Project Requirement Gathering: Reverse Engineering

Project Requirement Gathering: Reverse Engineering

Existing products or services offer a great chance for you to gather project requirements through reverse engineering. You need to look at a product that already exists and figure out the fundamentals of what it does and why.

When the project is replacing a something already within the company, like a software system, you can learn what does and doesn’t work. If the company is looking for something brand new to be created, it’s likely a version of the product already exists somewhere for you to figure out some fundamentals.

In this article, we’ll explore key information about using reverse engineering to gather your requirements, such as:

  • When you should use the process
  • How to reverse engineer
  • The reasons why you should do it
  • Pitfalls to watch out for

So that you can understand if this process is going to work for your project.

Is reverse engineering appropriate for my project?

Reverse engineering is a useful tool when gathering your project requirements. It shouldn’t be used as the main technique, but it will provide you some valuable insight at the start of your project.

Used in conjunction with other processes that you complete early on, such as document analysis, it will help you to ask better questions when you begin to talk with your stakeholders.

Times when you’ll find reverse engineering particularly valuable include:

  • When there’s little or no documentation with the current product
  • When the current product or system is a legacy item
  • When key knowledge has left the company and records weren’t kept
  • When the current system or product has developed organically with no solid plan

These points are relevant for when an existing item is being improved upon.

However, you can reverse engineer external products too. If the client is looking to replicate a competitor product you can refer to that directly to get a deeper understanding of what needs to be achieved.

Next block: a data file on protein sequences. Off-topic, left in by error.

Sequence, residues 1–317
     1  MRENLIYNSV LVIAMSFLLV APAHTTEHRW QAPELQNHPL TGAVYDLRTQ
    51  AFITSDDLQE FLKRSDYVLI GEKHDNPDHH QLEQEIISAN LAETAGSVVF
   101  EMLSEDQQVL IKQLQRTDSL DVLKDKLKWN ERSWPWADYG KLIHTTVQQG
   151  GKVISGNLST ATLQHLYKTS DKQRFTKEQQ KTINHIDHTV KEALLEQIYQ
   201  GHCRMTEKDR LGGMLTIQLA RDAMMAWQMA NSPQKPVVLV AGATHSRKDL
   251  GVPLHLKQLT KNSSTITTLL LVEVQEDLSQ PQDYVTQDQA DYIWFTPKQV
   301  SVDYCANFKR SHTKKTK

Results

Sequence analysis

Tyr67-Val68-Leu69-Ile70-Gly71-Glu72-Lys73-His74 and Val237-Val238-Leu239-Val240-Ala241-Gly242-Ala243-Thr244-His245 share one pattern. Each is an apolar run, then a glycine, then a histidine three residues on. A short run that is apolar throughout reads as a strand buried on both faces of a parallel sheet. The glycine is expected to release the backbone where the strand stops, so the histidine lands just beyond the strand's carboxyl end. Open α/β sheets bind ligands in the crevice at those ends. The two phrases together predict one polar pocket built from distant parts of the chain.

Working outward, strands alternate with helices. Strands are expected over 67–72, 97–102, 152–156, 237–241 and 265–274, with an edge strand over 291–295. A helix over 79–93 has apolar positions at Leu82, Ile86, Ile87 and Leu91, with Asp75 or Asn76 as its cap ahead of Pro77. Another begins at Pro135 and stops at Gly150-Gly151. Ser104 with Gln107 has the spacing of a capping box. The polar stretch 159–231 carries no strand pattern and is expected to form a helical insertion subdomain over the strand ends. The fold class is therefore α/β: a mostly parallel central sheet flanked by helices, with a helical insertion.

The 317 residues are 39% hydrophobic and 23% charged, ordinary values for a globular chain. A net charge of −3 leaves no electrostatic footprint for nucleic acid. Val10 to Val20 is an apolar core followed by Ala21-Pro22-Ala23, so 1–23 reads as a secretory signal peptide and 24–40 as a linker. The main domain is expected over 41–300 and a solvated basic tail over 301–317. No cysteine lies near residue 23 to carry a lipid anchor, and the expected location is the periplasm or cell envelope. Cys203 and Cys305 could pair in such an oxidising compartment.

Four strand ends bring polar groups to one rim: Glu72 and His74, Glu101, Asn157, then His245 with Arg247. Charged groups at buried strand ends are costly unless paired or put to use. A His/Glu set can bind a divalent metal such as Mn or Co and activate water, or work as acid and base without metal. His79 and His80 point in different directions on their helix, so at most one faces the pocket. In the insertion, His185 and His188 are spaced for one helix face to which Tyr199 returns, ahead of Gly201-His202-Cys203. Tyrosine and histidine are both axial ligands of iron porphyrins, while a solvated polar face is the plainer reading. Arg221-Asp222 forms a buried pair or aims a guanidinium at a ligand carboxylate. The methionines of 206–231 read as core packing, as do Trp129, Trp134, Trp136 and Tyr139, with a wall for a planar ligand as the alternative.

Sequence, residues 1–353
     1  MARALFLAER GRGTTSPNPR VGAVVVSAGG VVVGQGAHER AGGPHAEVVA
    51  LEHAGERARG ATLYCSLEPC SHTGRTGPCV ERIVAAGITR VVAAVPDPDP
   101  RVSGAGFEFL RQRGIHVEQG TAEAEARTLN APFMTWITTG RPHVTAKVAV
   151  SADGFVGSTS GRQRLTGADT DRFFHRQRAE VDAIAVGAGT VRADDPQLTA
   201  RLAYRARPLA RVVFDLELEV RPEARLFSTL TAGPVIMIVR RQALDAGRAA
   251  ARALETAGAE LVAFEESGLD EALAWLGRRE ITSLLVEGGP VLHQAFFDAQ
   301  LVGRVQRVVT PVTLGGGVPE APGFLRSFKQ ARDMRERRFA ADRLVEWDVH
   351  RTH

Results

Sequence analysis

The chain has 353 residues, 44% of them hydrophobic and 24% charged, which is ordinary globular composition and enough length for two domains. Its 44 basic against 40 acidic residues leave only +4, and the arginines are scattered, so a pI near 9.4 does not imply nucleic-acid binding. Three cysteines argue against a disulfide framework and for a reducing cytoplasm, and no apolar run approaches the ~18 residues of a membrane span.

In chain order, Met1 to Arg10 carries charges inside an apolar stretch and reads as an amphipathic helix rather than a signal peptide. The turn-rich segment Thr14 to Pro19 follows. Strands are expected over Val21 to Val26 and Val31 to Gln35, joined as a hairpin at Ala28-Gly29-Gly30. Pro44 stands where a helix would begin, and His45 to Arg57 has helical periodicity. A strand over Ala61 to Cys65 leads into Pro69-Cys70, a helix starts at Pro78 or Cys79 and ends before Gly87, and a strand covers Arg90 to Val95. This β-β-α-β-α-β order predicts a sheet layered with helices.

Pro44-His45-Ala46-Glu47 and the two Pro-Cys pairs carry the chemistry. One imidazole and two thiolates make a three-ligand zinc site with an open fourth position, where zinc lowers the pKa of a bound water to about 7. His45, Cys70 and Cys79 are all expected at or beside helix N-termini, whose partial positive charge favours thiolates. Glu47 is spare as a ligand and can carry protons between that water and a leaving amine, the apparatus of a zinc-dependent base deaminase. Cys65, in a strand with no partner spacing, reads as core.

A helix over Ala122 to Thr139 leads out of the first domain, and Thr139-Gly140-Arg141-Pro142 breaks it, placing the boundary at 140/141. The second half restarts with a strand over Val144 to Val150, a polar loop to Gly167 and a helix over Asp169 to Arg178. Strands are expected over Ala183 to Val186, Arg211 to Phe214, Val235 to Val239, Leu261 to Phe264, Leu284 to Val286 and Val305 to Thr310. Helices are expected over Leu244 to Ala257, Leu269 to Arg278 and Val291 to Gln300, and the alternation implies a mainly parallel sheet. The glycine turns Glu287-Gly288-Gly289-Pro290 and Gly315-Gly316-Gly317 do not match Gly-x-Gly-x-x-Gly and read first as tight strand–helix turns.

What process do I need to follow?

Depending on what you’re working with, reverse engineering can take a matter of hours or weeks of your time. Whichever the case, the process that you follow will be similar.

Step One

You need to get to grips with the item you’re working with. If it’s software, use a test or offline system; if it’s a product, get hold of one that’s expendable.

This is your chance to play with and explore the product. Take notes so that you can record any questions for stakeholders later.

Step Two

Once you know what you’re working with, it’s time to analyse it. Notice pinch points in the processes and understand why it isn’t suitable for your clients as it is.

Step Three

After you really understand how the system or product works, look at the outcomes. Do you get what you expected? Can it be improved upon? How easy was it to get there? These questions will inform what you go on to discuss with your stakeholders.

What are the positives and negatives of reverse engineering?

There are some great advantages to reverse engineering to establish your project requirements. Some of these include:

  • You will clearly understand what the current product or system does
  • There’s no user or stakeholder input required
  • You’ll establish functional requirements
  • Unknown requirements might come to light, such as market innovations

However, there are some points to be cautious about, as with every process. Some things to note are:

  • You don’t learn anything about legal and security requirements or licensing
  • There will likely be obsolete or unnecessary elements in current systems that you have to contend with
  • The end product you work with won’t always have the initial requirements included


Reverse engineering as a way to gather your project requirements helps you to understand the good and bad points of what’s already out there. Rarely will you be asked to reinvent the wheel.

Take advantage of what people have done before you, both inside and outside of the company, to learn from their wins and mistakes.